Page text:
EDITORIAL – THE ENTITLEMENT PHENOMENON

anguillian
By anguillian May 2, 2017 10:26

 

 

I am sometimes alarmed at what I call a culture of entitlement among our people. There are those in our midst, too many to be ignored, who seem to be of the view that material things, positions, power, wealth etc. must be handed to them. For some reason they think the world owes them something. I would admit that every human being is entitled to fundamental rights and freedoms such as those guaranteed by our Constitution. These include the right to life, liberty, and the protection of the law; respect for private and family life; freedom of expression, conscience, movement, assembly and association; freedom from discrimination; protection from slavery, forced labour, inhumane treatment, deprivation of property and arbitrary search and entry etc. Recent thinking suggests that the right to education should be also considered a fundamental right. I agree with this thinking. To my mind, the guarantee of these rights, freedoms and protections is part and parcel of acknowledging and respecting the inherent dignity we ought to have as human beings.

Apart from the aforementioned, to what are we entitled? Many would argue that we are entitled to what we consider the basic necessities of life – food, shelter and clothing. While I believe all of us would agree that every person should have these basic necessities, the question becomes: whose duty is it to provide them. This is where opinions differ. There is one school of thought which believes that it is the duty of the state to ensure that all citizens have food, shelter and clothing. On the other hand, others would say that this is the responsibility of each individual and that to think otherwise would be to advocate for the development of a welfare state. My view is a hybrid one. I believe that the state has a responsibility to create an environment in which people can work to take care of their own basic needs. However, where even with their best efforts persons are unable to provide for themselves, there should be some support from the state for these basic necessities. It is on this hybrid principle that most countries in our part of the world operate. Most of our people, therefore, would consider food, shelter and clothing as entitlements to be met jointly by the individual and the state.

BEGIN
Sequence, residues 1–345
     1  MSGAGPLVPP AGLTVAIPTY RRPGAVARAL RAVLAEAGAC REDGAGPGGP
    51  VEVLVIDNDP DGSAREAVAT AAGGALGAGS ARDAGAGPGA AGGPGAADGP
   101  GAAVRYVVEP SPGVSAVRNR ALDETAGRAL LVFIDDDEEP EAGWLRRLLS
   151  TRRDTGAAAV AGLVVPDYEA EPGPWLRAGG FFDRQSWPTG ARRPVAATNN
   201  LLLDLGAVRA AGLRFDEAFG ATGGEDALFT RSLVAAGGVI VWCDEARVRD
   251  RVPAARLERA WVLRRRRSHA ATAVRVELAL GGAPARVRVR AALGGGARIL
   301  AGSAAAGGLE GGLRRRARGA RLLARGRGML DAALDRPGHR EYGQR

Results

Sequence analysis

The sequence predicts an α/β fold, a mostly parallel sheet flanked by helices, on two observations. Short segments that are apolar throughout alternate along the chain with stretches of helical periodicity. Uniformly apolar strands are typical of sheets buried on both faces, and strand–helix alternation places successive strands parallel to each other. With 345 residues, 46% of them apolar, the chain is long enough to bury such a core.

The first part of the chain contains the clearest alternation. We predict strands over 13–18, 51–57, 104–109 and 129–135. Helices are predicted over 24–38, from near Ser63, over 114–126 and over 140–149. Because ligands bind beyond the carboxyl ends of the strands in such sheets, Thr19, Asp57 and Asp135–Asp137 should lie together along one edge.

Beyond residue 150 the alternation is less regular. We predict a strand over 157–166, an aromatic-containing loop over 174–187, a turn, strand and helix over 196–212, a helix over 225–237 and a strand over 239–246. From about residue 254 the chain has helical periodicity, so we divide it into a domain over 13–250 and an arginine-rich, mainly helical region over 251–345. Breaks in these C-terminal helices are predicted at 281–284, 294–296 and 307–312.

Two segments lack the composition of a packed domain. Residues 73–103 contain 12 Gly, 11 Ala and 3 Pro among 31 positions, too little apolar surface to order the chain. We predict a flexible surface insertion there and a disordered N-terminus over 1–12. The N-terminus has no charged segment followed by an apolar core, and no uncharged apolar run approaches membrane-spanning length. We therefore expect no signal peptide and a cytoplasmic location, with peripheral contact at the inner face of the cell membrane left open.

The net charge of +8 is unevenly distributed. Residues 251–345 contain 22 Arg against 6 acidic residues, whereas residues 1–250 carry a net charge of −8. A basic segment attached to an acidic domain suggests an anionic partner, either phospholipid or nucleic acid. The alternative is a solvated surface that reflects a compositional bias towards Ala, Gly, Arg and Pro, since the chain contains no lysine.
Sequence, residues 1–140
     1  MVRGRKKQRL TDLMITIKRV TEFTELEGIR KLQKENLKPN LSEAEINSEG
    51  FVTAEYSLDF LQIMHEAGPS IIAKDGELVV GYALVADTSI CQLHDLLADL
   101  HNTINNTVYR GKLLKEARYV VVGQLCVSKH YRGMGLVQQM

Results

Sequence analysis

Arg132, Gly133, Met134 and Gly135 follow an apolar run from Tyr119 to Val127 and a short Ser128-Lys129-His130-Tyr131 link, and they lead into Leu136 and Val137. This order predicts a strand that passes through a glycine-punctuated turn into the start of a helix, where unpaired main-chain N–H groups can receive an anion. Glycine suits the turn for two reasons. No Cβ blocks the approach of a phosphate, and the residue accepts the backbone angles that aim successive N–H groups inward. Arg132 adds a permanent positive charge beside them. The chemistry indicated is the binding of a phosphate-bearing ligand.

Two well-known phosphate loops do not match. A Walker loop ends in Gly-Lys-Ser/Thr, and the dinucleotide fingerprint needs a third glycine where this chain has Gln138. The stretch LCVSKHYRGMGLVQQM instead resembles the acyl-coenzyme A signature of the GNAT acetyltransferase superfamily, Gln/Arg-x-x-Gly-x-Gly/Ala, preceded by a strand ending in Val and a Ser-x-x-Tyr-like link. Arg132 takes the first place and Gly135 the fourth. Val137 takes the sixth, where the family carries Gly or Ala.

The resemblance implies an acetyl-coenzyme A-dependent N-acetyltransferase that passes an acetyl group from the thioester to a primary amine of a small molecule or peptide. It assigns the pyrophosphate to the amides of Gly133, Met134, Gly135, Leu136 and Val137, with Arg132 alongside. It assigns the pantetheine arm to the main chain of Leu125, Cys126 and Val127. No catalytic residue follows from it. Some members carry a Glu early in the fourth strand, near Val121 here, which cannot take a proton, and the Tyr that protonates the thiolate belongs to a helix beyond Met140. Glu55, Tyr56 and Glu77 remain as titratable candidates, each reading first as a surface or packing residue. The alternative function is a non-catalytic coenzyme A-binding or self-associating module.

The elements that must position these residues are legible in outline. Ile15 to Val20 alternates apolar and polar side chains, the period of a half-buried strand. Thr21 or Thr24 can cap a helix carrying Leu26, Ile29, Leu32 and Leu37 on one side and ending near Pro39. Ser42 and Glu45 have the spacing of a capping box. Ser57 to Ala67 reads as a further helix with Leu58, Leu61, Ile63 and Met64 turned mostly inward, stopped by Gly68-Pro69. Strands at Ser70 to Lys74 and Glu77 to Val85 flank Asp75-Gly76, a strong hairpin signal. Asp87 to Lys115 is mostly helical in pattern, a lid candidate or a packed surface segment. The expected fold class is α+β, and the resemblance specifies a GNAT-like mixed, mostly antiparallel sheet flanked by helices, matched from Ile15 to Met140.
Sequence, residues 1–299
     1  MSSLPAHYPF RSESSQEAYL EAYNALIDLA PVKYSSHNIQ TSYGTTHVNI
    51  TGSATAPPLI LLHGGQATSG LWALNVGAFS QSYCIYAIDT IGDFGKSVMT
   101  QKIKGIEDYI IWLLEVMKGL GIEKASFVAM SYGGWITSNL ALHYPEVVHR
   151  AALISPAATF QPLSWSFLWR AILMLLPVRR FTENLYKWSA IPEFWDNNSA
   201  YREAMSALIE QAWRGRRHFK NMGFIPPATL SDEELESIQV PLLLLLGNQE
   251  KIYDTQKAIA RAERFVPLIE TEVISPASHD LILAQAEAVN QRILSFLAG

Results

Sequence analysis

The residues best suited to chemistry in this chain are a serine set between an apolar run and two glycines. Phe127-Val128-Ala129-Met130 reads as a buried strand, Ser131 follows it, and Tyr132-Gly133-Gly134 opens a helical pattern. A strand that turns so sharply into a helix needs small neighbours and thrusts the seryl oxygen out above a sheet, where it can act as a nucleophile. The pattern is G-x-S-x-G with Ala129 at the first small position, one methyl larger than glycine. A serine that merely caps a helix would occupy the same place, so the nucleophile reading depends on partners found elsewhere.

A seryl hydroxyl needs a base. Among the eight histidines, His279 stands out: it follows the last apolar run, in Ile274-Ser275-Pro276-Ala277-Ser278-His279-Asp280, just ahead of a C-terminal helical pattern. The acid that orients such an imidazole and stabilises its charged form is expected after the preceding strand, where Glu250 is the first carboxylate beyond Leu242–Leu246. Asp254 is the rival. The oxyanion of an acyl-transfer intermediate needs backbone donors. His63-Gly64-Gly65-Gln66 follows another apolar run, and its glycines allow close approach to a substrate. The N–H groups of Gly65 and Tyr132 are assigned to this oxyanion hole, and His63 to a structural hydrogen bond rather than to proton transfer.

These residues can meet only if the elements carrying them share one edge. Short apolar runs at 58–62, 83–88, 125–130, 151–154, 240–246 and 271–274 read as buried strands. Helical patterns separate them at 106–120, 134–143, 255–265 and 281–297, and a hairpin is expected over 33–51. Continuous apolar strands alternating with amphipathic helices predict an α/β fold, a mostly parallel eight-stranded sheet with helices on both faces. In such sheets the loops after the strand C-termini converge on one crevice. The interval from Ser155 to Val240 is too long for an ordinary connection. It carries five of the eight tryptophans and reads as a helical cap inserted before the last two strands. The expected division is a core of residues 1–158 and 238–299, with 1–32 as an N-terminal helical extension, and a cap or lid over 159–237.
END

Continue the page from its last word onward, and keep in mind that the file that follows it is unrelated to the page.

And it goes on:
It is when entitlement goes beyond what has been outlined above, that I think the problem starts. We see it every day. People believe they are entitled to that job because they were born in Anguilla; they are entitled to that promotion because they have worked in the organization for years; they are entitled to that benefit because they are the most senior; they are entitled to special consideration because they are young; they are entitled to that opportunity simply because they want it; they are entitled to a new job or more money because they have pursued further studies. While the attainment of all these things would be wonderful, when we have an attitude of entitlement we become angry, frustrated and hurt when things do not go our way. This causes us to develop hatred, resentment and bitterness towards the persons or entities we perceive to be the reason why we are not getting ahead. It is easy for this toxicity to pervade our workplace, homes and lives in general.

I would like to suggest that rather than adopt an attitude of entitlement, we would be better served with a purpose-driven approach. I am a believer that everyone has a God given purpose. This is supported by scripture. This approach allows us to see setbacks and disappointments as God’s way of pointing us in the right direction by saying “not this” or “not now”. By focusing on our purpose, we would be acknowledging that what God has for us will be ours, and it cannot and will not be taken away from us. This is not far-fetched when we consider Proverbs 19:21 which says: “Many are the plans in a person’s heart, but it is the Lord’s purpose that prevails”. I am certain that if we were to be more purpose-driven, and work towards fulfilling that purpose, we will find our lives more rewarding and have far less to complain about. Our society as a whole may be a less toxic one.

anguillian
By anguillian May 2, 2017 10:26

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